- People on Twitter ask whose ancestors would’ve passed immigrant ‘wealth test’ Monday 6:54 PM
- Kobe Bryant helicopter crash mocked in teen’s TikTok video Monday 6:38 PM
- Chiefs, Bears, Packers have Twitter accounts hacked Monday 3:48 PM
- Washington Post reporter suspended amid backlash over Kobe Bryant tweet Monday 3:08 PM
- America is united in hating Ken Starr’s impeachment hat Monday 3:01 PM
- In ‘Cuties,’ the contradictions of growing up come to a head Monday 1:55 PM
- Racist tweets blame fruit bat soup for coronavirus Monday 1:25 PM
- What is the #ILeftTheGOP movement? Monday 1:21 PM
- The Grammys were weird and sad—but the Billy Porter hat memes offered some levity Monday 12:36 PM
- Auschwitz Museum calls on Facebook to ban Holocaust denialism Monday 11:59 AM
- YouTuber who said his girlfriend was dead now says he faked it Monday 11:42 AM
- Review: Kentucky Route Zero is one of the most magical games ever made Monday 11:00 AM
- Backlash grows against Clearview as lawsuit looms Monday 10:58 AM
- Tyler the Creator calls out the Grammys for racism over ‘Rap Album’ win Monday 10:25 AM
- Democrats call on John Bolton to testify after book bombshell Monday 9:56 AM
This is what your Netflix viewing habits say about your love life
Make sure you’re really ready to share your password. It’s a big commitment.
Valentine’s Day is only a little more than week away, and whether you’re planning an elaborate date with your long-term lover or a solo night celebrating single life, you’re likely to end your evening curled up with Netflix. The streaming service certainly has plenty of romantic viewing options, but have you ever considered what your viewing tastes and Netflix habits say about your love life?
Netflix has just released a new study detailing how couples use the site and how tastes can be a reflection of relationship happiness, Complex reports. The company conducted their research by asking users how their viewing habits have impacted their relationships, and the results are likely to ring true for many streaming enthusiasts.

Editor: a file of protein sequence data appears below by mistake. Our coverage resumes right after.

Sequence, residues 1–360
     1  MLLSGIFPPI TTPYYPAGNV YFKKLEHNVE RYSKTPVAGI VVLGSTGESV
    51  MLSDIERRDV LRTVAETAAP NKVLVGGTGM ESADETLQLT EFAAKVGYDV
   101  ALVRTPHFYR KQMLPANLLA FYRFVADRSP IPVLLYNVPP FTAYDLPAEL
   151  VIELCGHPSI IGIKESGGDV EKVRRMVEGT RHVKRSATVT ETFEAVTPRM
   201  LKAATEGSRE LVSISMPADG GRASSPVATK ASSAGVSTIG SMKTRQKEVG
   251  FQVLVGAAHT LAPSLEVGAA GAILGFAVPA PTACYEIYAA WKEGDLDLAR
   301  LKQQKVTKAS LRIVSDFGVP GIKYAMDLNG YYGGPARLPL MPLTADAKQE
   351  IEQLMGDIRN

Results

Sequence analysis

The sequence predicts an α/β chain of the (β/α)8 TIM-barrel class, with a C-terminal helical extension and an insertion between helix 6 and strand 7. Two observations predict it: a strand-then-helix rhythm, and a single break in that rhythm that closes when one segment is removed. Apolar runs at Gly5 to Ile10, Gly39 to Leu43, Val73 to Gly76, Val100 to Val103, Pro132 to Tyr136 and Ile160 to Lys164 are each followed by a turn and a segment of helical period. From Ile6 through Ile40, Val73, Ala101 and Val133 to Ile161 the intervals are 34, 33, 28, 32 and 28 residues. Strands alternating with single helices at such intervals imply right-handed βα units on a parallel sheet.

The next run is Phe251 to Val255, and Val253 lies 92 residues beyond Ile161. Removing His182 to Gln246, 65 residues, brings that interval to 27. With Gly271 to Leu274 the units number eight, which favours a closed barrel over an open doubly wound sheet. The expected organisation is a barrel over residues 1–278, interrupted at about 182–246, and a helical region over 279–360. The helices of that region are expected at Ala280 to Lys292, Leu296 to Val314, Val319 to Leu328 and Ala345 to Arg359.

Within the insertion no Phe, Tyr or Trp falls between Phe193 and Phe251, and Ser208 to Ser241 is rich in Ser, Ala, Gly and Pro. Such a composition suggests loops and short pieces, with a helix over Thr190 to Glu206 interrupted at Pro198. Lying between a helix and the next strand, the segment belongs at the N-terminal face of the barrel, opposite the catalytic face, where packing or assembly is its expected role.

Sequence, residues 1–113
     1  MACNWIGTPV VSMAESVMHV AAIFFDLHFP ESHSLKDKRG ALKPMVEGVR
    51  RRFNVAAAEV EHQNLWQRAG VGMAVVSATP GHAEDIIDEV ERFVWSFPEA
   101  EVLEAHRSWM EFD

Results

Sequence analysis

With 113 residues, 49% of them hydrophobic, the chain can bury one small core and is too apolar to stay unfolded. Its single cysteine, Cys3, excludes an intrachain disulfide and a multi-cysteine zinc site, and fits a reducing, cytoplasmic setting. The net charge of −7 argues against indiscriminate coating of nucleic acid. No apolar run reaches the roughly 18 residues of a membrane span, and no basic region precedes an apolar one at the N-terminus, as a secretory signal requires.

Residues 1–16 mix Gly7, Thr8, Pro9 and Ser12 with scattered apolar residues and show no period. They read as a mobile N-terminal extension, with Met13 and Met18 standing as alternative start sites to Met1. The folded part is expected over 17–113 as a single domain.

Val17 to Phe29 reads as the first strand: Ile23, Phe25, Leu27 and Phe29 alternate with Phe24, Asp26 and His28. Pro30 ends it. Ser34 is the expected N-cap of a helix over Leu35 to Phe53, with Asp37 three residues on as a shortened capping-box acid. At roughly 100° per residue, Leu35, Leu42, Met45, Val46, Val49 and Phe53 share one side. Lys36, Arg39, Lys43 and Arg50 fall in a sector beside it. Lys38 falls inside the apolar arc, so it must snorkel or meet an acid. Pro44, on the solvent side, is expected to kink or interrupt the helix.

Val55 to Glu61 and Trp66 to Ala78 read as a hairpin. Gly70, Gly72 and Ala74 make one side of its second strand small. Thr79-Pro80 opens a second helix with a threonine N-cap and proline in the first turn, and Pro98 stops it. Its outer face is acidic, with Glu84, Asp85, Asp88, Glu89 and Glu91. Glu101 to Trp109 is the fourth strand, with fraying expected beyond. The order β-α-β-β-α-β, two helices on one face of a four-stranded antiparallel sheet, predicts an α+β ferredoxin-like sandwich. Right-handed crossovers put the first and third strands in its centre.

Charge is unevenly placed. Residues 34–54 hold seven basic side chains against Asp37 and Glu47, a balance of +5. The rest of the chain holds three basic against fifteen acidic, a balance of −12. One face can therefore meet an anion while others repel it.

The study found that 25 percent of users are more attracted to potential partners if they like their taste in television. If your profile indicates your love of Unbreakable Kimmy Schmidt, The Office, House of Cards, or Breaking Bad, you’ll have particularly good luck attracting interested dates on Netflix.
Clearly, many have already figured out this strategy—58 percent of users admitted to adding shows and movies to their profiles specifically to appear more attractive to other eligible singles.
And once you’ve landed your dream bingeing buddy? Prepare to engage in some serious discussions. Sixty-five percent of couples who watch Netflix negotiate which shows they’re going to watch together, while 35 percent compromise with trade-offs. As for sharing those coveted account passwords? Fifty-one percent of users see that step as a sign of serious commitment. But some users (17 percent) want a ring on it before sharing their coveted password.
Think it’s creepy that Netflix is paying such close attention to how couples and singles use their service? Maybe, but it shouldn’t come as a shock—Netflix has long tracked everything about their members’ viewing habits. Last fall, for instance, the site released data proving how early viewers were hooked on binge-worthy shows like Breaking Bad and How I Met Your Mother. Facts like these may be interesting to pull out at cocktail parties, but they also serve a vital purpose for Netflix, a site that bases many of its programming and acquisition decisions on analytics. So don’t expect these studies to cease any time soon.
So, if you’re planning to invite that hottie from Tinder over to Netflix and Chill this Valentine’s Day, don’t be surprised if your date’s interest in you changes as soon as they peek at your Continue Watching list.
H/T Complex | Illustration via Max Fleishman
Carrie Nelson is a writer and documentary filmmaker. Nelson’s reporting for the Daily Dot focused on LGBTQ issues, feminism, and internet culture.